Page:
Managers and coaches from each team were asked to vote for players in their league, but they were not allowed to vote for their players. In addition, a formula approved by the Society for American Baseball Research (SABR) accounts for roughly 25 percent of the voting process. Winners will be revealed Nov. 4 at 5 p.m. MT on ESPN2.
Last season, Arenado became the first rookie third baseman in NL history to win the award, and LeMahieu was named the Rockies' Wilson Defensive Player of the Year, based on a statistical formula that rated him the team's most valuable defender. Both followed up with standout 2014 defensive seasons. The veterean Morneau signed with the Rockies last winter as a free agent and is up for his first Gold Glove, in a year in which he won the NL batting title.
Arenado was limited to 111 games because of a broken finger in May and a bout with pneumonia in the final weeks. But according to Baseball Reference's web site, he still led NL third baseman in range factor per game and was second in range factor per nine innings. Even with the low number of games, he was second in double plays turned and third in assists. He will contend with the Giants' Pablo Sandoval and the Dodgers' Juan Uribe.
For the second straight year, LeMahieu led NL second basemen in range factor per nine games under the Baseball Reference formula, and led the league in double plays with 99. According to Fangraphs, LeMahieu led NL second basemen with a 10.7 UZR. The Phillies' Chase Utley was second at 8.2.
Arenado and LeMahieu had their strong seasons in a year when shortstop Troy Tulowitzki underwent season-ending hip labrum surgery and was limited to 89 defensive games. Tulowitzki was in line for his third Gold Glove had he stayed healthy. Along with Utley, Brandon Phillips of the Reds was named a finalist at second base.
Tulowitzki and LeMahieu are instinctive players who position the infield based partly on scouting reports but more on their readings of opponents' swings and the effectiveness of Rockies pitchers. With Tulowitzki missing, Arenado took more of a positioning role and LeMahieu was his steady self.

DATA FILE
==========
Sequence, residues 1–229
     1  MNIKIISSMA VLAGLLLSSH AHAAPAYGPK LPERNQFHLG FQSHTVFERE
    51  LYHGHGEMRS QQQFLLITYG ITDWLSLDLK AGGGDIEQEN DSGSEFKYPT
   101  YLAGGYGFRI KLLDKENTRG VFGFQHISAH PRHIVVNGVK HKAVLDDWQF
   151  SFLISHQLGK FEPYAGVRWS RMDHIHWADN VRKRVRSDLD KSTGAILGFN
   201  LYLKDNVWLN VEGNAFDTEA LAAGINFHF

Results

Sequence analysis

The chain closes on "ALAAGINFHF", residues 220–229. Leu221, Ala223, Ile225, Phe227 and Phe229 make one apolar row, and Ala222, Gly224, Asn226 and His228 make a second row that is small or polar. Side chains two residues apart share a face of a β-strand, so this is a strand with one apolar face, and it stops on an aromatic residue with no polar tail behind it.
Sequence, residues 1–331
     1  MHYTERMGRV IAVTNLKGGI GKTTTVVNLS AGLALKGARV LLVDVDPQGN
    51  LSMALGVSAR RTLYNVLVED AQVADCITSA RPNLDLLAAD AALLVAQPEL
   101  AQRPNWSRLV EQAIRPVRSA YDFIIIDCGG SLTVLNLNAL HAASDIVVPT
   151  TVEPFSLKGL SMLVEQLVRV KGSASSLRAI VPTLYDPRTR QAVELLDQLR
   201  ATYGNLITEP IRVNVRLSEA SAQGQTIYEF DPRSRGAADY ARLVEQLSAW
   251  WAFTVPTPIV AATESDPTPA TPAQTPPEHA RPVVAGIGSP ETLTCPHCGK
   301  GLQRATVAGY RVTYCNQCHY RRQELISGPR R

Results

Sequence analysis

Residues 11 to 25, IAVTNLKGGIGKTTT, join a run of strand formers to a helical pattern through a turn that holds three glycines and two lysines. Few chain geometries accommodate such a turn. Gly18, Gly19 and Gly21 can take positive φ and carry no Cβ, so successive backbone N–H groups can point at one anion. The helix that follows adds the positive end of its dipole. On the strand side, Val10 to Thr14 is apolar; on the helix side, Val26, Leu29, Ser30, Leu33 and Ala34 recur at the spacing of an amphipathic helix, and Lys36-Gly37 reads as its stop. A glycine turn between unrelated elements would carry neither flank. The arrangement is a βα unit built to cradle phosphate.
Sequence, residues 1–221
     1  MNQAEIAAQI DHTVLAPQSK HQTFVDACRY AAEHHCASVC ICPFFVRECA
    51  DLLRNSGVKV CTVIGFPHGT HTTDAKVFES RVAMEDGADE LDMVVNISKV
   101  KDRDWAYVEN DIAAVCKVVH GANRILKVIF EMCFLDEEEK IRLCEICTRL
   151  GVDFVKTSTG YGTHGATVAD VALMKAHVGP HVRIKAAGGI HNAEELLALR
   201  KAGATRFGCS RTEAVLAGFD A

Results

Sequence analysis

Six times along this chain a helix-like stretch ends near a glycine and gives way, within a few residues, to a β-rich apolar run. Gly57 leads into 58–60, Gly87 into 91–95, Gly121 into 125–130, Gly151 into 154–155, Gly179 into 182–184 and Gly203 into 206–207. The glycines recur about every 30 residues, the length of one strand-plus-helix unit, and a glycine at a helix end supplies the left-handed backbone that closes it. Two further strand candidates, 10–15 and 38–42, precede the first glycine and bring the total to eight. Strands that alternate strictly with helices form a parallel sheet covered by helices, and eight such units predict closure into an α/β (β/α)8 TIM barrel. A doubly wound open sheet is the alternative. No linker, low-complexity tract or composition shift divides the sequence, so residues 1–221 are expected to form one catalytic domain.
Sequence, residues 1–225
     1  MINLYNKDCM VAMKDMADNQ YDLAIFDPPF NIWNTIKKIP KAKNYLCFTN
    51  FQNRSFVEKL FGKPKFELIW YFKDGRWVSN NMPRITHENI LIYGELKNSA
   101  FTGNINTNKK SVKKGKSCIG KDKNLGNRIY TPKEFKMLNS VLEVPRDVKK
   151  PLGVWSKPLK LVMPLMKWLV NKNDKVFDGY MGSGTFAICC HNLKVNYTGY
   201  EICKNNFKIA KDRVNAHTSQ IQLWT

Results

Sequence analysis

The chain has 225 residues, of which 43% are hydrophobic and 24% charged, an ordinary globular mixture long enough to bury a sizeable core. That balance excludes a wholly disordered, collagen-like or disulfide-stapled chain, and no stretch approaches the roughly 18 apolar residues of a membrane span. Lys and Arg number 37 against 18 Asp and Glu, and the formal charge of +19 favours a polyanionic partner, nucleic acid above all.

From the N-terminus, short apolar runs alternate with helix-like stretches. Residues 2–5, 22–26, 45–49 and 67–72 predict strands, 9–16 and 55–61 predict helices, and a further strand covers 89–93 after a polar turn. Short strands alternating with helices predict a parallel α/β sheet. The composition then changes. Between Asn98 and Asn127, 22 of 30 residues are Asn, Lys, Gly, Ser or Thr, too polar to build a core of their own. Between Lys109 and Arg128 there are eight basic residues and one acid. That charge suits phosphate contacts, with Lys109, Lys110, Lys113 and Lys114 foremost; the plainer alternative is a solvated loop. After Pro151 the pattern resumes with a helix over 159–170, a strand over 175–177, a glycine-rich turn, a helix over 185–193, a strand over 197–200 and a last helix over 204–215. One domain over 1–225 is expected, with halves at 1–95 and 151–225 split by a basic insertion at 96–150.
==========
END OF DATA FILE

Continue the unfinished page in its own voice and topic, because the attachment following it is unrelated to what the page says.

"We all set out to improve," LeMahieu said. "We're obviously not going to fill 'Tulo's role but we were going to do the best we could to be better individually. Everyone that played infield this year has gotten better defensively."
Arenado's candidacy is an interesting study in the weight of stats against the eye test -- he was a regular on highlight reels -- and the lure of already having won the award. Arenado's errors were up this year, with 15 that pulled his fielding percentage down to .959. But the ability to cover ground is generally considered more important than fielding percentage.
"I feel I've proved what I can do," Arenado said. "Obviously, I've made some errors, but sometimes when you get to tough balls you make some mistakes. But at the same time I've showed that I've helped these pitchers out and I did the best I could.
"Obviously, there's room for improvement, but I believe I'm one of the top guys in the defensive category, and I proved it. If I don't get it, that's OK. Other people are deserving. But I think there's a good chance."
All factors considered, the biggest drawback might be Arenado's games played.
"If the argument is going to be the games, that's going to be the argument," he said. "But if that's not the argument, I feel like I could get my second one."
LeMahieu is often described as "steady," but that doesn't do justice to his ability to make highlight-reel plays that draw the attention of voters. Not to be underrated is his continued strong defense during a .154 skid that dropped his average from .290 in late July to .260 by the end of August. He finished at .267.
"Defensively, I thought I got better this year, but there's a lot of room to improve," LeMahieu said. "I can't wait to really get back to work and continue to get better."
By season's end, LeMahieu and Arenado actually were more focused on '15 than preparing to celebrate Gold Glove Awards.
"I was talking to Nolan about this -- I know that at the end of the season we're going to be 0-0," LeMahieu said. "That's really going to be the most important thing. We just need to be ready again next season."
In his first full NL season, Morneau -- who spent most of his career with the Twins and finished '13 with the Pirates -- led NL first basemen in fielding percentage at .997. He led the American League with the same percentage in '13. It's also the third straight year in which he has led his league in range factor per nine innings at the position, according to Baseball Reference, which also ranked him first in the NL in total zone runs. Adrian Gonzalez (Dodgers) and the Nationals' Adam LaRoche are the other two NL finalists.
Additionally, according to Fangraphs, Morneau posted a 6.3 UZR, which was good for second in the NL behind the Cubs' Anthony Rizzo and tied for second in the Majors with the Angels' Albert Pujols.